How might we foster adult SEL to positively impact student SEL practices?
Social-emotional learning (SEL) is a research-based educational method aimed at fostering social and emotional competences of students. However, SEL looks differently in schools, as each institution is expected to choose a curriculum from a range of programs offered on the market and adapt it to fit their needs. This project investigated how participatory tools could support teachers in implementing SEL programs at their schools. It was conducted in collaboration with Prague City University and University of the Arts London, Design School.
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Learning sessions were conducted with faculty and administrators at three independent private K-12 schools in the United States. To help encourage storytelling from participants of their lived experiences with SEL implementation, we provided three activities on Miro:
1. Association Activity. Participants were provided with a collection of artwork images and instructed to select one that best represented each of two conditions: the current state of SEL at their school and their ideal SEL situation. 
2. Stakeholder Mapping. Participants received a set of tokens representing various school stakeholders, including staff, parents, and coaches. They were asked to position these tokens on a map featuring three concentric circles labeled with varying levels of engagement: low, medium, and high. 
3. Card Sorting. Participants were presented with a deck of cards featuring various positive values. The task was to select three cards that represented the driving forces behind their relationships with other adults in their school community.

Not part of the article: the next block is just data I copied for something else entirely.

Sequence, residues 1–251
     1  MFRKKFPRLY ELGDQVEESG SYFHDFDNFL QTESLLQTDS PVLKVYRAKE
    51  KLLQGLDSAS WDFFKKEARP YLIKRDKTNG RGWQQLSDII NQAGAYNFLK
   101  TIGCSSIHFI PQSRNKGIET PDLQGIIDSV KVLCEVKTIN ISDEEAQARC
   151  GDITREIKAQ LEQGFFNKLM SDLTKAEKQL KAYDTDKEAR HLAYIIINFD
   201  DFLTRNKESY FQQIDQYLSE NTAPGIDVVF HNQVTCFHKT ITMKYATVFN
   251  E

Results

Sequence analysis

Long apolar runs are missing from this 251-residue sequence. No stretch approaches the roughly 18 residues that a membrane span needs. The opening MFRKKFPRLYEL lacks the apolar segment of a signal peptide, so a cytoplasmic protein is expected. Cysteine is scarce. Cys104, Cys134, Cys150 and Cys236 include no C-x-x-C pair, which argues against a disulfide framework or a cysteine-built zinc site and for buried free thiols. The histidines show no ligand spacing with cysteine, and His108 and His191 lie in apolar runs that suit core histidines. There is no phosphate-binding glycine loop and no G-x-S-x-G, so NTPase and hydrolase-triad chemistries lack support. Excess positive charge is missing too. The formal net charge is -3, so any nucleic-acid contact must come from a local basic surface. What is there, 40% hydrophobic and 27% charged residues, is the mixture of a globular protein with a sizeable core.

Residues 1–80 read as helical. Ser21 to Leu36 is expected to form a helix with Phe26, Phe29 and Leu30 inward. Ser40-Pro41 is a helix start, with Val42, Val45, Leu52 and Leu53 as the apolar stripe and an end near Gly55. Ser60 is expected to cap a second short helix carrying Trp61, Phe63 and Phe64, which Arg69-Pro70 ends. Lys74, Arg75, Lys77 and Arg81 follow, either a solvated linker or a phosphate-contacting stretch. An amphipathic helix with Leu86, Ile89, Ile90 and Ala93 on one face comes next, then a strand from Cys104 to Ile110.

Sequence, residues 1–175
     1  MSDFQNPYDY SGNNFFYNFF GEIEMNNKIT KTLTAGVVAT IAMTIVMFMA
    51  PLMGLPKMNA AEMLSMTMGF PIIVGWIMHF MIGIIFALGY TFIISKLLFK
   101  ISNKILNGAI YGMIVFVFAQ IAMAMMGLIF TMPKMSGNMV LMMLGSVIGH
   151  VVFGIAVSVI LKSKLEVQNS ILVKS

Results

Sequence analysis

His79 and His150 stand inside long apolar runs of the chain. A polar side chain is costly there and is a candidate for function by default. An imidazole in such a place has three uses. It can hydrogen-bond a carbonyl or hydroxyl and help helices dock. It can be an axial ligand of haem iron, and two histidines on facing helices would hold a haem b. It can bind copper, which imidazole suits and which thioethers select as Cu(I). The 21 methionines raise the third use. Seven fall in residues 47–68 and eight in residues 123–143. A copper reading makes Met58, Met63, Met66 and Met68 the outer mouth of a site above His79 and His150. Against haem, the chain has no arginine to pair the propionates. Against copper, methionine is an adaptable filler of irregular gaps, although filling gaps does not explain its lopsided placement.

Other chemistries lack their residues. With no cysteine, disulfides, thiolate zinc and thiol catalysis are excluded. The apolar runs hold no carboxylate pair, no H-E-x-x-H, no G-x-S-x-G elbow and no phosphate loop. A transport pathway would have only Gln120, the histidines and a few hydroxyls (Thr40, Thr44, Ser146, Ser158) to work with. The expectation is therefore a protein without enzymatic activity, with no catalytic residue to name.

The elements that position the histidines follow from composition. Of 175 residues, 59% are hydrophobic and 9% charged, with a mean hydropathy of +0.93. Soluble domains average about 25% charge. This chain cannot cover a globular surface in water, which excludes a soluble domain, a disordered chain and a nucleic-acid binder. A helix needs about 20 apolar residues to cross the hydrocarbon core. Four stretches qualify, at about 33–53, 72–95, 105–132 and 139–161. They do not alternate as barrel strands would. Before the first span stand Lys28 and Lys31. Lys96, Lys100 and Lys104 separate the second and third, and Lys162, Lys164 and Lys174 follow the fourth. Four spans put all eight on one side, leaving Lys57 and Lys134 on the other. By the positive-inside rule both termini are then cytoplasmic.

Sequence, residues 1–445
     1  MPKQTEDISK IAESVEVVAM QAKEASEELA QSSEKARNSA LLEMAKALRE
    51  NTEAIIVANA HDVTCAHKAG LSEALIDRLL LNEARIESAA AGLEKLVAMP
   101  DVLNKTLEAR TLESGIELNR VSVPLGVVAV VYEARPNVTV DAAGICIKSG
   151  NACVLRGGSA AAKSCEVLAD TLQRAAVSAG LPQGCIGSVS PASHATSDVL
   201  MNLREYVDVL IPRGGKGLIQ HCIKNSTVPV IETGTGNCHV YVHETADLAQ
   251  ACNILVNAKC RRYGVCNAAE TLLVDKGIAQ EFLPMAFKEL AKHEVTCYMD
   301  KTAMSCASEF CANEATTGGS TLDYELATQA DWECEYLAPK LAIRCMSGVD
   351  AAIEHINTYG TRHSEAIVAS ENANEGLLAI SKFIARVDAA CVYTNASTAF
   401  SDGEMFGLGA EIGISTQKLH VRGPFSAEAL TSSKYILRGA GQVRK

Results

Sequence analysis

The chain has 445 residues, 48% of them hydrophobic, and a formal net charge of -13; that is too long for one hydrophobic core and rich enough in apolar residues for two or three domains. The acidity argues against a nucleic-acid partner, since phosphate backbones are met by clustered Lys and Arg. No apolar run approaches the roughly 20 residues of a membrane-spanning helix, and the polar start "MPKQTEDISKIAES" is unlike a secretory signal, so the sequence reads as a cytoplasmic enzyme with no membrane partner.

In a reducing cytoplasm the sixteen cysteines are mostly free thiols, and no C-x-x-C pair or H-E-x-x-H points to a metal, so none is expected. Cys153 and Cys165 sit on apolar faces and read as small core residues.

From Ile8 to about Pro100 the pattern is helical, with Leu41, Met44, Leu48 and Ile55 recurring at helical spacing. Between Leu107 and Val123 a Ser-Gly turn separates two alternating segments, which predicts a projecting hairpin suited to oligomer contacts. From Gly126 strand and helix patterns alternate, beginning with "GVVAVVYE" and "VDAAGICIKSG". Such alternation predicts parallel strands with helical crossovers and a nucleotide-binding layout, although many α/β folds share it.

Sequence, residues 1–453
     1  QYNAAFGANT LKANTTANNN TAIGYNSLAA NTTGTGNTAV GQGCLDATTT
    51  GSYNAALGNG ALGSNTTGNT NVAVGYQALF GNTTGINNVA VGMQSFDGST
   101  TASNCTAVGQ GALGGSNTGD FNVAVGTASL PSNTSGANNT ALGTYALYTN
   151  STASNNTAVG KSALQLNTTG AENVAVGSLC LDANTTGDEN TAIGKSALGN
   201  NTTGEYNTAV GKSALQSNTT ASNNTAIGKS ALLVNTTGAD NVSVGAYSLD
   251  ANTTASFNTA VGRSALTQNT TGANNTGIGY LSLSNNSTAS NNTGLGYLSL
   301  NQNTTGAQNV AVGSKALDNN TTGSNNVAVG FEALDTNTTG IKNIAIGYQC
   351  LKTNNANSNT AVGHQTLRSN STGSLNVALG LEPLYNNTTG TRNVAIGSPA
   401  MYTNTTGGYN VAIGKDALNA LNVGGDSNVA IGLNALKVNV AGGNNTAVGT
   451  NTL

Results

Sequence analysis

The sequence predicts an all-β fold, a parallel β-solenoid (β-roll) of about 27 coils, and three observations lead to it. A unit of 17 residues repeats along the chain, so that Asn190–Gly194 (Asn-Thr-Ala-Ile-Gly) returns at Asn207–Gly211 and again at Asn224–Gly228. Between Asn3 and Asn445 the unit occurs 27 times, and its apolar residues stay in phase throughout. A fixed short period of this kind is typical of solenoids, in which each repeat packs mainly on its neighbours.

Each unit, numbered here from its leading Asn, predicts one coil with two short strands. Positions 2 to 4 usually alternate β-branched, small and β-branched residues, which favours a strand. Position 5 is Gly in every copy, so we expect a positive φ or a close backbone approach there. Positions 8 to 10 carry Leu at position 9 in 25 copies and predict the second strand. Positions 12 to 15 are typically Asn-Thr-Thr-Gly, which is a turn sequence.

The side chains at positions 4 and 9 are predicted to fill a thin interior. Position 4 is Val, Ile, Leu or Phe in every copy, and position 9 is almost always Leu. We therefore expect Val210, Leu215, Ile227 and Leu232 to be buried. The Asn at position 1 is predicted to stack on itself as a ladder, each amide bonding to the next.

Using key insights from our research, we co-designed and tested SEL teacher journals that included self-reflection and relationship-building activities for faculty and staff. We used the zine format to make it easier for teachers to access the prototype and print it on their own. The journal features three self-guided activities for groups:
1. Self-Reflection. The journal's opening page prompts teachers to choose a positive value like community or joy. They reflect on a personal memory as a student that embodies this value and record an idea in the journal. Teachers are also asked to collect memories from fellow faculty and staff members using the same prompt for journal entries.
2. Connection to the Classroom. Teachers are then prompted to link the chosen value to their core curriculum or subject. They are again encouraged to record personal memories and collaborate with colleagues from their department to gather more insights.
3. Collaboration with Colleagues. Building upon the outcomes of the other two activities, teachers co-create classroom designs with colleagues. They record achievements and how they can share their new knowledge with the rest of the school.
Feedback showed that although teachers felt the journals were accessible and easy to use, they expressed the need for modifications, such as a larger size and a digital format. Currently, we are in the process of iterating on this prototype to include multimodal versions. We are also working on addressing broader issues of capacity building among faculty to better support the overall SEL implementation process.
“This journal meets teachers where they are.”
— Middle School Teacher
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